^{4}to 4.5 × 10

^{4}1/s. The shear rate results for all velocity models, around points P

_{1}and P

_{3}at time T was maximum, as shown in the Figure 6b. For all velocity models, it can be concluded that the flow development was linearly correlated with the progression of time within the T cycle, as shown in Figure 6c. The minimum and maximum axial velocity of 2 mm/min at neck region (P

_{1}) and 20 mm/min in between the abdominal (P

_{2}) and rear regions (P

_{3}), respectively, were observed for condition I. From Figure 6d, it had been inferred that the local maximum stress having a magnitude of 18 × 10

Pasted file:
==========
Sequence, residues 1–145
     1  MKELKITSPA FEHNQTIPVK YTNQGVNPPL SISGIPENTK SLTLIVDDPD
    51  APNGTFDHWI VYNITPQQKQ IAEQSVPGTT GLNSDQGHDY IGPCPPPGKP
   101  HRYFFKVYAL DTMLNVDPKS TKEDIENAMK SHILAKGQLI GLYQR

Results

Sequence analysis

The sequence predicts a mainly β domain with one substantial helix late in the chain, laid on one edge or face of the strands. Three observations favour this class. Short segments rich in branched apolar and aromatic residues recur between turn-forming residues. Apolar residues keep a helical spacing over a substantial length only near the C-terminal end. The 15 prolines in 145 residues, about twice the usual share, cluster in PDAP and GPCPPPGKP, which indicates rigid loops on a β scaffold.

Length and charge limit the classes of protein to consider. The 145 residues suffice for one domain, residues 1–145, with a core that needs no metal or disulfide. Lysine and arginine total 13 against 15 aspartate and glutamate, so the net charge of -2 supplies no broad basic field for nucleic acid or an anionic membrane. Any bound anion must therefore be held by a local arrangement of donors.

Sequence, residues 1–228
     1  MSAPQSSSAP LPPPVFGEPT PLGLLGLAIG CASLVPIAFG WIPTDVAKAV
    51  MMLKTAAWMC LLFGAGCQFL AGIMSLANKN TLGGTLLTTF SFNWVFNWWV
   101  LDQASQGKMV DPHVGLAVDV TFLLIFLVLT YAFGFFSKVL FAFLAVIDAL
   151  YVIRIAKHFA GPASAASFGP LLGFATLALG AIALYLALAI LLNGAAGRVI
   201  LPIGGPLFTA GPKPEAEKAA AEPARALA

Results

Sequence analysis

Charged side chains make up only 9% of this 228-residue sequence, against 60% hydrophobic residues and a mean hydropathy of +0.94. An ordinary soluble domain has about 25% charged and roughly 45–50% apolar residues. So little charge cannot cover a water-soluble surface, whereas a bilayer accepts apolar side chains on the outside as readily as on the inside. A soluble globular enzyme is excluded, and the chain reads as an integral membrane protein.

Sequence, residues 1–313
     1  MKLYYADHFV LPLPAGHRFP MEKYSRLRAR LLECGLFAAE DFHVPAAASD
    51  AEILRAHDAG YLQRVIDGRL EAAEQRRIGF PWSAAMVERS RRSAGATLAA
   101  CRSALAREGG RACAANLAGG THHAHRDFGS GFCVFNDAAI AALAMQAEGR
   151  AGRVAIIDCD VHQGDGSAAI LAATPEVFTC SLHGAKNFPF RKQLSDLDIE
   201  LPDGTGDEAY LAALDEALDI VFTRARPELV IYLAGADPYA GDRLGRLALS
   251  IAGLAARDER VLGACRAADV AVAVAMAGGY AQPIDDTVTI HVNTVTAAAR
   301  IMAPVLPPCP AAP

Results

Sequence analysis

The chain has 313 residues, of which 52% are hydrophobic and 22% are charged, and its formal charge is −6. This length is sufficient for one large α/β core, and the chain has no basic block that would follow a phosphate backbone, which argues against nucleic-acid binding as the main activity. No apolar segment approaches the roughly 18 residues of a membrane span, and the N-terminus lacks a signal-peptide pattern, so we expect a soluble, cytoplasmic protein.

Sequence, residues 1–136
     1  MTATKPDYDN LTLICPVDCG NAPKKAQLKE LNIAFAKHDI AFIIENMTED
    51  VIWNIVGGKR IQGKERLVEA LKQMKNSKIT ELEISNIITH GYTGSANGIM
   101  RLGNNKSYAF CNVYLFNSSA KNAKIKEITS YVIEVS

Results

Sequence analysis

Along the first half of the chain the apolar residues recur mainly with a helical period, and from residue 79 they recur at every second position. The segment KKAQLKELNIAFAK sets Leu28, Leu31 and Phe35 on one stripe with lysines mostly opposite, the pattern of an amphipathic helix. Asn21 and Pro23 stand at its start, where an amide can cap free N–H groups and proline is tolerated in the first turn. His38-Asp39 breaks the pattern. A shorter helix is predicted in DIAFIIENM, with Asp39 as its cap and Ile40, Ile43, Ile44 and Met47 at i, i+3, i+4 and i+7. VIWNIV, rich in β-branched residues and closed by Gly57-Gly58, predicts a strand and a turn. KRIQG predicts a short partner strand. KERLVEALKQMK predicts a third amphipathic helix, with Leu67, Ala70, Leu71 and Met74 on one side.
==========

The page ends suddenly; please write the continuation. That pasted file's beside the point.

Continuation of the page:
^{−10}N/m

^{2}had been generated for the case of velocity model V

_{2}at the end of the cycle in between the abdominal (P

_{2}) and rear regions (P

_{3}).

_{1}, V

_{2}, and V

_{3}(Figure 7). A significant variation of pressure distribution was recorded for velocity model V

_{1}compared to the two other velocity models. For velocity models V

_{2}and V

_{3}, the local maximum pressure equal to 4 × 10

^{5}Pa was observed in the neck region (P

_{1}) of the channel at end of cycle time T, as shown in Figure 7a. Maximum pressure was generated at the time T/2 sec in the periphery of the rear region (P

_{2}). It was noticed that the value of axial velocity was similar for V

_{1}, V

_{2}, and V

_{3}velocity models. The maximum velocity was generated at the end of the T cycle for all inlet velocity models. The minimum and maximum axial velocities were observed as 0 and 20 mm/min, respectively, in the neck region (P